Caesar's Civil War

Historical Reality and Fabrication

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In Caesar's Civil War: Historical Reality and Fabrication, Westall combines literary analysis of Caesar’s Bellum Civile with a concern for the socio-economic history of the Roman empire. The Bellum Gallicum and the Shakespearean play are better known, but Caesar’s partisan account of the Roman civil war culminating in the battle of Pharsalus offers a historical text of perennial interest and relevance.
Two introductory chapters contextualize this book and offer a traditional narrative of political and military history for 49-48 BCE. There follow seven chapters that are dedicated to each of the geographical theatres of civil war. These chapters show how Caesar’s testimony sheds important light upon the nature of Roman rule in the Mediterranean, but also explore the problems to be encountered in using potentially tendentious testimony.

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Richard Westall, Ph.D. (2000, Stanford University) is Adjunct professor at the Pontificia Università Gregoriana (Rome). He has published numerous articles on Roman history, Graeco-Roman historiography, and early Christianity.
"[Westall] geht es nicht um die bloße Darstellung der Ereignisse durch Caesar und andere als vielmehr darum, die in den diversen Regionen liegenden – häufig wirtschaftlich bedingten – römischen Interessen namhaft zu machen, die ebenso historisch verankert sind wie im aktuellen Bürgerkrieg für die beteiligten Parteien besondere Brisanz gewinnen. Zugleich entzaubert W[estall] Caesars tendenziöse Berichterstattung in prägnanten Interpretationen, teilweise anhand scharfsinniger Quellenvergleiche. (...) Unter Herausstellung der Bedeutung bestimmter geographischer Räume im Gefolge der Bürgerkriegsdarstellung Caesars erlauben W[estall]s Kontextualisierungsbemühungen interessante Einsichten auf verschiedenen Ebenen, die durch Überlegungen zur sozioökonomischen Lage Roms verbunden werden." Ulrich Lambrecht, Gymnasium 126, 2019.
"To sum up, W[estall] has provided a fresh and masterful analysis of Caesar’s civil war commentary. His study offers new and valuable insights into the history of the period. Careful attention is paid at every turn to Caesar’s method of justifying his actions as a response to supposed stubborn and unreasonable resistance on the part of his opponents. The author’s application of critical methods yields interesting and important results. The structure of the book makes it accessible to a broad range of readers, from someone new to the subject to an advanced scholar. By offering a narrative overview of the war in Chapter 2 and then segmenting the campaigns chronologically and geographically in the seven subsequent chapters, the book succeeds in exploring a complex set of questions with perfect clarity. This book is a credit to the author and to the series in which it appeared. Every university library should include this book in its holdings, and every scholar who studies this period of Roman history will gain from W[estall's] fresh insight into Caesar’s Bellum Civile." John T. Ramsey, Histos 14, 2020, xxxv-xliv.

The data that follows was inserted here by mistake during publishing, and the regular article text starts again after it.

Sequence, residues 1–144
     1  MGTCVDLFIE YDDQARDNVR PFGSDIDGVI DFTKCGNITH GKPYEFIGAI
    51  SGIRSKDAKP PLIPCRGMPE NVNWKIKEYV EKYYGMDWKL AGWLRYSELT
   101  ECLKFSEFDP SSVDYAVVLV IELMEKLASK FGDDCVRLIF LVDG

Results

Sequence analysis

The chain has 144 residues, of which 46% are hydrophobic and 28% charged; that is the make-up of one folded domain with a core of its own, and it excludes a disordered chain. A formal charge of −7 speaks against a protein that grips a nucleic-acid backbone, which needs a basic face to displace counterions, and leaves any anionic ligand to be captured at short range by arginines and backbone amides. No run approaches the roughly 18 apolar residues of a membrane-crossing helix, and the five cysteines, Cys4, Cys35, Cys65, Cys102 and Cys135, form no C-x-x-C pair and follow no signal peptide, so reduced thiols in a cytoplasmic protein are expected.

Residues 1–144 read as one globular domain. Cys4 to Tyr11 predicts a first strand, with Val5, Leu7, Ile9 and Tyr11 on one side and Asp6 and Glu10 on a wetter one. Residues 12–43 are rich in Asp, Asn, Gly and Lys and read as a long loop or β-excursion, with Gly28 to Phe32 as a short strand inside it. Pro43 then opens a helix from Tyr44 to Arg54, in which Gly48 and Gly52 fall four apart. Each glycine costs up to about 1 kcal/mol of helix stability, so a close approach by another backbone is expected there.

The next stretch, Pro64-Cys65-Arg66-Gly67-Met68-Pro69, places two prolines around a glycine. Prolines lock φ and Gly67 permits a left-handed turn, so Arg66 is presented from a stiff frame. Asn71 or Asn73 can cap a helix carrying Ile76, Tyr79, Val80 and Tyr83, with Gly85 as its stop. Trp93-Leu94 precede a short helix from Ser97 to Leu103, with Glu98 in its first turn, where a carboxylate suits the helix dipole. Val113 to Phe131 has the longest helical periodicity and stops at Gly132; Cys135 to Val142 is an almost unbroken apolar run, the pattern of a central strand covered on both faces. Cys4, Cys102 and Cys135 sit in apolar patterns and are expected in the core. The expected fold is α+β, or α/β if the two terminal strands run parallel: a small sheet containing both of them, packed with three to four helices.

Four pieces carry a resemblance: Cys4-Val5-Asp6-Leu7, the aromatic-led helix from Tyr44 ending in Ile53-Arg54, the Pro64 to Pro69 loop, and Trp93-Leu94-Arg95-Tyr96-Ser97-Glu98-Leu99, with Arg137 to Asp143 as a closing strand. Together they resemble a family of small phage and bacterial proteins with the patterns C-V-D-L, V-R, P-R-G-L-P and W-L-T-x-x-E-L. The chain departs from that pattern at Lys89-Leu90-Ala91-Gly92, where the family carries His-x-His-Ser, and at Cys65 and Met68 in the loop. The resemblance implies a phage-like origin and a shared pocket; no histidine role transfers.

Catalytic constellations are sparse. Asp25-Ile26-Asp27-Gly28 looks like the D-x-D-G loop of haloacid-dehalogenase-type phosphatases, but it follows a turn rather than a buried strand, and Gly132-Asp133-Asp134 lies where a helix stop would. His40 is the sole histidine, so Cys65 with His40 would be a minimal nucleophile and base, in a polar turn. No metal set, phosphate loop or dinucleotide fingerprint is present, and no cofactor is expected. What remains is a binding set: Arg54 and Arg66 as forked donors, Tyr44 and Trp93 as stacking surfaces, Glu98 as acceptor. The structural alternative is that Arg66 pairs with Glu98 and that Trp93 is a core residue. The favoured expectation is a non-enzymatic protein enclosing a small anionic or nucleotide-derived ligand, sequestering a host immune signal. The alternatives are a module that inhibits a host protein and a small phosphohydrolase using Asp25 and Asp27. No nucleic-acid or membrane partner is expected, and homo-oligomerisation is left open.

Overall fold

Acknowledgements
List of Maps
List of Block Quotations
Abbreviations

1 Introduction

2 The Civil War of 49–48 BCE

3 Italia
Introduction
 1  Crossing the Rubicon
 2  Opening the Sanctius Aerarium
 3  The Sources of Soldiers
Conclusion

4 Hispania
 1  Laudes Hispaniae
 2  C. Caesar and Hispania
 3  Cn. Pompeius and Hispania
 4  The Significance of Clientelae

5 Gallia
 1  Omnis Gallia Germaniaque
 2  Massilia an Ally
 3  Massilia a Provincial Capital?
 4  Geopolitical Considerations
 5  Chagrin at Massilia
 6  Massilia and Phocaea, or the Theme of Libertas

6 Africa
Introduction
 1  The Sources of Caesar’s Narrative
 2  Legitimacy of Command
 3  Roman Armies in North Africa
 4  The Grain of Africa
Conclusion

7 Macedonia
 1  Caesar Fleeing Forwards
 2  Pompeius’ Preparations for 48 BCE
 3  Life in the Military
 4  Other Than Soldiers
 5  Supply-Lines
 6  The Provincial Burden

8 Asia
 1  From Pharsalus to Alexandria
 2  Ephesus Capital of Asia
 3  The Ceremony and Rhetoric of Arrival
 4  Caesar and the Sanctuary of Artemis of Ephesus

9 Aegyptus
 1  Of Civil Wars Roman and Egyptian
 2  The Wealth of Egypt
 3  Banking and Imperialism

Conclusion

Weights, Measures, and Currencies
Maps: Theatres of War in 49–48 BCE
Bibliography
Index of Ancient Sources
Index of Modern Authors
General Index
All interested in the transition from Republic to Empire, and anyone working on the figures of Caesar, Pompeius, Cicero, or Augustus or interested in the phenomenon of civil war.